[Tutor] Running Files with Command Lines
d at davea.name
Sun Feb 12 18:40:24 CET 2012
On 02/12/2012 11:57 AM, Yony Torres wrote:
> 1. i tried this morning and it worked in the CMD check it out:
> copied and pasted from the CMD
> C:\Users\myusername>cd documents
> C:\Users\myusername\Documents>cd varios2
> C:\Users\myusername\Documents\varios2>cd pythonjourney
> C:\Users\myusername\Documents\varios2\pythonjourney>script.py<------- i did not write the name the file properly, my mistake!'script.py' is not recognized as an internal or external command,operable program or batch file.
> C:\Users\myusername\Documents\varios2\pythonjourney>script1.py<----- now i did it properlywin321267650600228229401496703205376spam!spam!spam!spam!spam!spam!spam!spam!
> --- i must say that previously i added C:\python32 to the environment path ;)
> now im trying it from the python command line, with no success yet :(
Still some things you haven't caught onto yet.
1) please don't top-post
2) Please do use copy/paste, rather than laboriously (and inaccurately)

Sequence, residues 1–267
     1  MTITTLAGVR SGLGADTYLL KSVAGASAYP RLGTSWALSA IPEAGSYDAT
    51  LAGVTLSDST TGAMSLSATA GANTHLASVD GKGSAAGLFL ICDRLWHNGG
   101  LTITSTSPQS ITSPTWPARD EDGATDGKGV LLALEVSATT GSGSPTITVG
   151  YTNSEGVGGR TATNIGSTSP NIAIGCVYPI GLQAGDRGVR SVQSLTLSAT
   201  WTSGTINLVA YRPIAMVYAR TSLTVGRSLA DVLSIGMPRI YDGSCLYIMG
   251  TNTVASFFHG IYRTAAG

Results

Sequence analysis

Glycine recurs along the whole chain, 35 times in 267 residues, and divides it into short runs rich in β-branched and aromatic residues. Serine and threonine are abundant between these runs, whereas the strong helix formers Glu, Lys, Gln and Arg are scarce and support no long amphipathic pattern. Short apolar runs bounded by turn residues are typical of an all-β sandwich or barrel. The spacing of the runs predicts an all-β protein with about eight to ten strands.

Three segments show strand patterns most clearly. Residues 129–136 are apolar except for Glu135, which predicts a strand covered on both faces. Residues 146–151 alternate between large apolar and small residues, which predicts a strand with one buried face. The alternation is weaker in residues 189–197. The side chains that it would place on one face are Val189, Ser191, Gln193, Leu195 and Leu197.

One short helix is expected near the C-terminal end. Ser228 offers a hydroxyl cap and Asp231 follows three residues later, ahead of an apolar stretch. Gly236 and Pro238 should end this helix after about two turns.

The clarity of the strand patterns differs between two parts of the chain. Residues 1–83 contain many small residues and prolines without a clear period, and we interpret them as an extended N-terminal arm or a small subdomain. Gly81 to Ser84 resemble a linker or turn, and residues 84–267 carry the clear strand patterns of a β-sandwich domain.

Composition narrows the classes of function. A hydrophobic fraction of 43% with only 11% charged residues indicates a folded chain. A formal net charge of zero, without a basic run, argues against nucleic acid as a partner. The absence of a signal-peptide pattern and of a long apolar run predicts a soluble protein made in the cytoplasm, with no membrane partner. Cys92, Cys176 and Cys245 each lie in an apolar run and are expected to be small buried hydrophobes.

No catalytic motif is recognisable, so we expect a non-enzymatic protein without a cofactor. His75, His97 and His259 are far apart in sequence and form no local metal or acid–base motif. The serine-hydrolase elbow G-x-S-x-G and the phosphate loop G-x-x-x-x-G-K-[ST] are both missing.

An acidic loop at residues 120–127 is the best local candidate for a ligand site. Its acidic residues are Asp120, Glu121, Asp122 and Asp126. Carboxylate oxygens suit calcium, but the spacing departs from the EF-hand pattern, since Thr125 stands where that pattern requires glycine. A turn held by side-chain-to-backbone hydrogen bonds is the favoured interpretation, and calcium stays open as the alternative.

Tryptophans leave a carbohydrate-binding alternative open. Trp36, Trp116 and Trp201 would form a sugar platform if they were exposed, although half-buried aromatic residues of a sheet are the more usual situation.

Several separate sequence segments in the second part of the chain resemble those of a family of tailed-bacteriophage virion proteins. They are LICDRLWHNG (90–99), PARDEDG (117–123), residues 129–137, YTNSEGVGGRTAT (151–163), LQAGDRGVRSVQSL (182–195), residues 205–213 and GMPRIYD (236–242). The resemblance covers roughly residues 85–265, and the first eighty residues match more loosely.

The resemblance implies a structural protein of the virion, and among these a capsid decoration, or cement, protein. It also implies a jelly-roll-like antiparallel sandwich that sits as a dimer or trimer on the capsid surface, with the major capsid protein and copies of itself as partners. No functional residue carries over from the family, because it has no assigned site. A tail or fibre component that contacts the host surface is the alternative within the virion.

retyping what you did & saw
3) Use more definite wording than
with no success yet
4) the syntax inside the python interpreter is different than in a
Windows cmd prompt. Once you get that prompt, you can type simple
expressions like 3*4, or you can define and execute functions. But if
you want to "run" another script, that script needs to be a valid module,
and you import it with the "import" statement.
So if you want to start python, and then run your script/module from the
python prompt, you'd do something like:
davea at think:~/temppython$ python
Python 2.7.1+ (r271:86832, Apr 11 2011, 18:13:53)
[GCC 4.5.2] on linux2
Type "help", "copyright", "credits" or "license" for more information.
>>> import myscript
Traceback (most recent call last):
File "<stdin>", line 1, in <module>
File "myscript.py", line 16
assert w = -1
SyntaxError: invalid syntax
Note that a number of things are significant, and different than the
1) the script must be in the current directory, or it must be in the
sys.path string, which you probably haven't learned about yet.
2) you import the script by its module name, which does not include the
.py In fact, other extensions are possible and common.
3) when the module exits to the python prompt, any variables it defined
are in the module's space, not the "global" space. So if you defined a
variable w, you'd reference it by myscript.w
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